The answer might be that the predetermined Ge'ulah and the Ge'ulah that comes when the generation is entirely Chayav are one and the same. Hash-m knows when the time will come at which the Jewish people will sink to the lowest depths, and that is the predetermined time of the Ge'ulah which the Mal'ach described to Daniel with a specific number of years.
Why, though, should this be referred to as "b'Itah" any more than the coming of Mashi'ach when the generation is entirely meritorious? Hash-m also knows if and when the nation will be meritorious, and, accordingly, that time of Ge'ulah is also predetermined from the perspective of Hash-m!
An answer to this may be proposed based on the teachings of the VILNA GA'ON. In the Parshah of the Bris Bein ha'Besarim (Bereishis 15), the Torah gives two different descriptions of when the Ge'ulah will come. The Torah says that the descendants of Avraham Avinu will be subjugated for four hundred years. The Torah then says that the fourth generation will return. The Vilna Ga'on points out that the punishment brought about by spiritual corruption is linked to a span of time, whereas correcting that corruption is linked to human effort. This is why the time of exile is described in terms of a number of years, while the Ge'ulah is described in terms of the number of generations of people. (The Vilna Ga'on's words apparently are based on the Midrash Tanchuma Bo #9 and Yalkut Shimoni 1:210. RAV YITZCHAK HUTNER zt'l in PACHAD YITZCHAK (Pesach) mentions that a similar concept is found in the end of Makos (23b). The Gemara there links the number of negative commandments to the number of days in the solar year, and the number of positive commandments to the number of limbs in the human body.)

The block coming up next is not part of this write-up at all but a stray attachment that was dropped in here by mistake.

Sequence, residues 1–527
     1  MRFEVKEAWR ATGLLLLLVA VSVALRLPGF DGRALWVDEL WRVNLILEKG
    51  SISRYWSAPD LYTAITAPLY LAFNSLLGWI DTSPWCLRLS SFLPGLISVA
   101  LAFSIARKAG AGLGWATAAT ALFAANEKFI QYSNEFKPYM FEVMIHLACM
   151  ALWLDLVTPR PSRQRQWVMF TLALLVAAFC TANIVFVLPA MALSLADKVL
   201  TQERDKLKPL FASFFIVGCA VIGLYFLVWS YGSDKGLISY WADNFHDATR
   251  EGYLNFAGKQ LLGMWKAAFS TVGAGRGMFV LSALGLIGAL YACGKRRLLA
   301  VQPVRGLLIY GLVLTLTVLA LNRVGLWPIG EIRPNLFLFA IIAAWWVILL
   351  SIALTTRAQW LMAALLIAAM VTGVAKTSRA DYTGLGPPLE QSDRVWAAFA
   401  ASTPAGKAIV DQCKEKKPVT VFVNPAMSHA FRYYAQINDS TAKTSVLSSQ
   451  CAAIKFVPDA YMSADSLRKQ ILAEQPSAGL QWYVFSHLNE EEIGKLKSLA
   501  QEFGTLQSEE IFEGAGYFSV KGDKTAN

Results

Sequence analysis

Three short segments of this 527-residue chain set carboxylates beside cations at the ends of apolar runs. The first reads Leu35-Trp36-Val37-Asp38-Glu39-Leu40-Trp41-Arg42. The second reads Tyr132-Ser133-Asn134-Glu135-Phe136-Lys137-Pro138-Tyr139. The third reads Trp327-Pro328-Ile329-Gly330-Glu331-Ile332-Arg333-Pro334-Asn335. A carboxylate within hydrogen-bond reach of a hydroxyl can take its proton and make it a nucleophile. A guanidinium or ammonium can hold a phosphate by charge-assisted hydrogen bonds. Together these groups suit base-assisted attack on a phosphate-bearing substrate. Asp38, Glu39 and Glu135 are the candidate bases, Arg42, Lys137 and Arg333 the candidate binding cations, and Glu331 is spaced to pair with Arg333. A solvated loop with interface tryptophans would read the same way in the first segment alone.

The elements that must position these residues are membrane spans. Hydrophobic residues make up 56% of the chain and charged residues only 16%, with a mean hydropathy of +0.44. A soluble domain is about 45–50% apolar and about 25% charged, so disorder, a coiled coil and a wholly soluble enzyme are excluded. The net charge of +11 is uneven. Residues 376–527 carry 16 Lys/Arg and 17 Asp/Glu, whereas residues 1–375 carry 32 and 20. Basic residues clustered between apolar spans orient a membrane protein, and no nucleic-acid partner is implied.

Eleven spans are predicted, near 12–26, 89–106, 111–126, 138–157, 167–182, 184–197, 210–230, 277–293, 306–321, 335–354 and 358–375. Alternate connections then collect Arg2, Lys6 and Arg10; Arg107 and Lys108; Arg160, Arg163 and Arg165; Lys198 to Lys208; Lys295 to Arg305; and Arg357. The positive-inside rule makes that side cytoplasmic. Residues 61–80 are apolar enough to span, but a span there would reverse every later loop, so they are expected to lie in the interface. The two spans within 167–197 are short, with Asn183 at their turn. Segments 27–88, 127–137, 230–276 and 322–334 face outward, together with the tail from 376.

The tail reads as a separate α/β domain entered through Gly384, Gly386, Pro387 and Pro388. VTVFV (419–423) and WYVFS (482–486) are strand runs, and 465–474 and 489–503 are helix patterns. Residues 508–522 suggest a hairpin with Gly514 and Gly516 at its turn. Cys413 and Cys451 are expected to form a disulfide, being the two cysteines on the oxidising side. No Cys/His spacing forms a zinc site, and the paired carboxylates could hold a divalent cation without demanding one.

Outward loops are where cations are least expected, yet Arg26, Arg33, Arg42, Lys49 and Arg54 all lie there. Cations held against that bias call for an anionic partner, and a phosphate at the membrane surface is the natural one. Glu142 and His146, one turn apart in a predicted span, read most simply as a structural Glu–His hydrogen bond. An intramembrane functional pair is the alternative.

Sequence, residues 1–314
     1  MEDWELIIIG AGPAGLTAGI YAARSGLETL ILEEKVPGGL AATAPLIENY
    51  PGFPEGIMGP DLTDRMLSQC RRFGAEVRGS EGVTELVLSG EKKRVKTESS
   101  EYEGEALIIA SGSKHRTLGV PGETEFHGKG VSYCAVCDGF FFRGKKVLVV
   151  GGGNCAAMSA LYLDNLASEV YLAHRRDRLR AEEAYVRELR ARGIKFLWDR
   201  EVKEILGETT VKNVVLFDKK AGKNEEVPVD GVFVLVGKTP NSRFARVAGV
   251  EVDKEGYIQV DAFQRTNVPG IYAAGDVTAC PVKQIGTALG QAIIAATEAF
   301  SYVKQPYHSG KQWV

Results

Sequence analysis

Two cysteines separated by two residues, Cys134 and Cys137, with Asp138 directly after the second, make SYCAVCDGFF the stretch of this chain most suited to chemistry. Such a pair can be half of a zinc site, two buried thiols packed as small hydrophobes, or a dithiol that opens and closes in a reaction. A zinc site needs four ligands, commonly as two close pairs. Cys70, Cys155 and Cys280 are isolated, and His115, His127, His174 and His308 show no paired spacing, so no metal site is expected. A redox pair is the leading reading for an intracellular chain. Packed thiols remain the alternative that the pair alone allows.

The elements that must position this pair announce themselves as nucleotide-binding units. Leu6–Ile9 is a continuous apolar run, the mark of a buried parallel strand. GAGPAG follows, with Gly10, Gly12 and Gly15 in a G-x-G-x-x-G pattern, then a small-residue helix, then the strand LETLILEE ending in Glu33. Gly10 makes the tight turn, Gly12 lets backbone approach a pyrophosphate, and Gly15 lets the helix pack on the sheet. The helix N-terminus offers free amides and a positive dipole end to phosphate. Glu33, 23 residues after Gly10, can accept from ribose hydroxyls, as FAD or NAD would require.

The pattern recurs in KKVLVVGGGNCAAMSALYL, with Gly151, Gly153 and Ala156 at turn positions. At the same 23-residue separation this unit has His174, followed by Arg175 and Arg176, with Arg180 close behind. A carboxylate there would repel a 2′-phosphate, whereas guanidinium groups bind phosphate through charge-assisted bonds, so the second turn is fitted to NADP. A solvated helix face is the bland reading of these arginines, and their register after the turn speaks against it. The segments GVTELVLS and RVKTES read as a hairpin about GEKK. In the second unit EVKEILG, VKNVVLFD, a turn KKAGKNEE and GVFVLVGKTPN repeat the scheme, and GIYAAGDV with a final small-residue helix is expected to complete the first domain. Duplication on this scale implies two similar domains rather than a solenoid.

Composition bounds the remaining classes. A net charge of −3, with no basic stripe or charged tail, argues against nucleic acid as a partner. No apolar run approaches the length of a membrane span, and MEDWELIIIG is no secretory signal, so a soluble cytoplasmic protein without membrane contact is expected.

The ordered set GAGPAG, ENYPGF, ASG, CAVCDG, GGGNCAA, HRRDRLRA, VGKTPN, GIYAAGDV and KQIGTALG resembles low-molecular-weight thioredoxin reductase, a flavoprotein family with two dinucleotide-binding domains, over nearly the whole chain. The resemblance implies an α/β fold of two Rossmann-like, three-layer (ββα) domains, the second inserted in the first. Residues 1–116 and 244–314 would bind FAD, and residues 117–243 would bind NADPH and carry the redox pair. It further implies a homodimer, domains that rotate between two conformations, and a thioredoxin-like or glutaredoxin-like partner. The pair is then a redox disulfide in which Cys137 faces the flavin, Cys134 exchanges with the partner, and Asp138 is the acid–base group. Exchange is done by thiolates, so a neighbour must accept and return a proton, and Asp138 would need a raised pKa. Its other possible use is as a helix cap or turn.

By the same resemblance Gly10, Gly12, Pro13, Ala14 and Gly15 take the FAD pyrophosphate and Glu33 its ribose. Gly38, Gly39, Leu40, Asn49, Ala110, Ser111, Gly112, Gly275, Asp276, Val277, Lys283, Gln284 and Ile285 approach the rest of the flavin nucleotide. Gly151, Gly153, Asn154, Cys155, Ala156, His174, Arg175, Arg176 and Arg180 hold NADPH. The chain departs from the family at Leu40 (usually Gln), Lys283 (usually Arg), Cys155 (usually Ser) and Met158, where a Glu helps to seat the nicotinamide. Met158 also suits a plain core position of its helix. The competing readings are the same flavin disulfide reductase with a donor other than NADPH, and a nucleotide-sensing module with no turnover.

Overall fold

The Vilna Ga'on might be alluding to the two forms of Ge'ulah mentioned in the Gemara. One is the Ge'ulah that comes when a predetermined number of years has passed. The other is the Ge'ulah that can come due to the repentance of the people and their good deeds. The first form of Ge'ulah involves a time limit that is linked to the corruption which caused the exile. If this corruption is not corrected before a given number of years, then the nation will sink to such a low level that the Ge'ulah will have to come in order to save them from being lost forever.